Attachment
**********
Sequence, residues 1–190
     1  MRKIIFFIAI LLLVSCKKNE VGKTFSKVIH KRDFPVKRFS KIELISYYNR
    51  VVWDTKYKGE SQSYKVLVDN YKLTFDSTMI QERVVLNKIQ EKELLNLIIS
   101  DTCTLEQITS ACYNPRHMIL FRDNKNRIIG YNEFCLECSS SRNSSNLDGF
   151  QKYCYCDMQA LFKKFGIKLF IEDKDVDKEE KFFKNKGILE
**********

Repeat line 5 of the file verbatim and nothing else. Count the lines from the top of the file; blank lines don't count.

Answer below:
   151  QKYCYCDMQA LFKKFGIKLF IEDKDVDKEE KFFKNKGILE